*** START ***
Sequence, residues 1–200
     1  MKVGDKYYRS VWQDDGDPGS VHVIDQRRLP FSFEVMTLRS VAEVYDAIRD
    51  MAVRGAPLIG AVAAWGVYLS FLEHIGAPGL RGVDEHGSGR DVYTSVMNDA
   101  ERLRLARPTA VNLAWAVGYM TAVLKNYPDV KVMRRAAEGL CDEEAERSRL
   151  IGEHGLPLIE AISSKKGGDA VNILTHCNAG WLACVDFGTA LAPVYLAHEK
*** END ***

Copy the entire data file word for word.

Sequence, residues 1–200
     1  MKVGDKYYRS VWQDDGDPGS VHVIDQRRLP FSFEVMTLRS VAEVYDAIRD
    51  MAVRGAPLIG AVAAWGVYLS FLEHIGAPGL RGVDEHGSGR DVYTSVMNDA
   101  ERLRLARPTA VNLAWAVGYM TAVLKNYPDV KVMRRAAEGL CDEEAERSRL
   151  IGEHGLPLIE AISSKKGGDA VNILTHCNAG WLACVDFGTA LAPVYLAHEK